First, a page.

Following several deaths in Rivers and Ondo States due to food poisoning linked to the consumption of local gin, better known as Kai-kai or Ogogoro, with lethal doses of Methanol, the federal government yesterday banned the consumption of unregistered locally made gin.
Reacting to the death of 38 persons in Rivers State, the government said the deaths in Rivers and that of Ode-Irele, in Ondo State, were associated with the consumption of locally made gin.
Addressing journalists, the Director General of National Agency for Food and Drugs Administration Control (NAFDAC), Dr. Paul Orhii said, “preliminary investigation by the National Centre for Disease Control (NCDC) and the World Health Organisation (WHO) ruled out any infectious diseases and confirmed the possibility of poisoning as the cause of the deaths and in turn advised NAFDAC to conduct further investigations”.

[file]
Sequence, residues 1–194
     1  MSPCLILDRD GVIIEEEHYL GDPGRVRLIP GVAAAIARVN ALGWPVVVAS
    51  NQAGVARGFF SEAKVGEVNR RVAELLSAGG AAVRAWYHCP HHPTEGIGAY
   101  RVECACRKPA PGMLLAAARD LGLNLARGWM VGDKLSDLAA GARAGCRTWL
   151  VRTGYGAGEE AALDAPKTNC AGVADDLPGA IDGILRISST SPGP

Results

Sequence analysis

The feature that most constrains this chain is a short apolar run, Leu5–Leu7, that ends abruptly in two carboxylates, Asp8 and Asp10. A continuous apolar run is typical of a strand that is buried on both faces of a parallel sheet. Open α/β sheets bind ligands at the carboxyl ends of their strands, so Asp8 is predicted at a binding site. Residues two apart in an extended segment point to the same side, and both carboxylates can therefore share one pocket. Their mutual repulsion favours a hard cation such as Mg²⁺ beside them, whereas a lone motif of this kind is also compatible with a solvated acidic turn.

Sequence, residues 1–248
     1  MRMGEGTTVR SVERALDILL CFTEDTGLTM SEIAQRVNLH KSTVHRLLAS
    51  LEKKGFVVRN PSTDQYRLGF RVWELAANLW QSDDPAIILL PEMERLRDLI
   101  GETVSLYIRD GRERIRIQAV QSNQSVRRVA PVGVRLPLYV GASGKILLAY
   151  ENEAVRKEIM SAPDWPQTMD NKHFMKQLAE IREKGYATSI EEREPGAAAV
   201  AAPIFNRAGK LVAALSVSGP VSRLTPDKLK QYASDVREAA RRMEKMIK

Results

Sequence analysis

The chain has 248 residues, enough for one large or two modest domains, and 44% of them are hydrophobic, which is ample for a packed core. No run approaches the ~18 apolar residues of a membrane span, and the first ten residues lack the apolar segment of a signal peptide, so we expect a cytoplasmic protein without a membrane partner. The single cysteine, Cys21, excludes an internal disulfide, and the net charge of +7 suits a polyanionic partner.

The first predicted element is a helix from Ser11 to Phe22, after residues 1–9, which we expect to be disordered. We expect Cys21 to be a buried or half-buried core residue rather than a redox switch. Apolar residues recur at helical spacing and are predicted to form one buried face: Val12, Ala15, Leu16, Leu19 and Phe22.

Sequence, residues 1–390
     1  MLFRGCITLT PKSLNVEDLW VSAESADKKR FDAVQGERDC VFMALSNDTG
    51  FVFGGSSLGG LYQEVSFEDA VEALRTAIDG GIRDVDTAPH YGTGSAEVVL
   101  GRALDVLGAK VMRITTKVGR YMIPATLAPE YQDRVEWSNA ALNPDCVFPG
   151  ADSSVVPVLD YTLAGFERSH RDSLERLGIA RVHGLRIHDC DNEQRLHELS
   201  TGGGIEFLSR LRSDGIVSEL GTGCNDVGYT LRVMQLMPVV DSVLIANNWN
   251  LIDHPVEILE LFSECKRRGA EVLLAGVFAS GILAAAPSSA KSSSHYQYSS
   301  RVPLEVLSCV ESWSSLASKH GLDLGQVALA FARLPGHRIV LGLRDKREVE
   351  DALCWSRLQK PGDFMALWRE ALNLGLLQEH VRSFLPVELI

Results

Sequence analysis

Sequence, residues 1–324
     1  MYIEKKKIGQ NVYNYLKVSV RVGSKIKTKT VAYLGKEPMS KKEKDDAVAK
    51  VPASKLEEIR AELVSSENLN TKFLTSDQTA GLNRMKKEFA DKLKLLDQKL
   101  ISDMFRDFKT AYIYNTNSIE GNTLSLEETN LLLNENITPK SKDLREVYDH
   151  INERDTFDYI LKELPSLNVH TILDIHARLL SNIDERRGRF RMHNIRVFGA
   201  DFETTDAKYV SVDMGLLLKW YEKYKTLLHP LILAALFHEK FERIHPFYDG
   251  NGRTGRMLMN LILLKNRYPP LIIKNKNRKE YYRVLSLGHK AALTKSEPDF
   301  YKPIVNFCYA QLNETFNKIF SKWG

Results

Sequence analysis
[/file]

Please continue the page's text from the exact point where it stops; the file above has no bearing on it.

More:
“The symptoms suffered by victims included vomiting, abdominal pain, blurred vision, headache, dizziness and loss of consciousness with subsequent sudden deaths of 18 victims,” Orhii said.
Orhii, who was joined at the briefing by NCDC Director, Prof. Abdulrahman Nasidi, explained that all indications showed that “these symptoms are the hallmark signs of methanol poisoning”.
The NAFDAC DG further stated that the “results of the laboratory investigation revealed methanol toxicity. Five samples were found to contain high concentration of methanol in them”.
“Blood methanol concentration above 1500-2000mg/L will certainly lead to death in untreated patients,” he said.
The NAFDAC boss said considering the high risk associated with the consumption of locally made gin, it has become imperative to warn the public to desist from the consumption of unregistered locally made spirits (Ogogoro) and other unregistered bitters.
Orhii also warned that government would confiscate all illegally brewed alcoholic beverages across the country.
He said there was also need for “immediate reporting and evacuation to the nearest tertiary health institution whenever poisoning occurs, as quick intervention can save lives”.
Source: This Day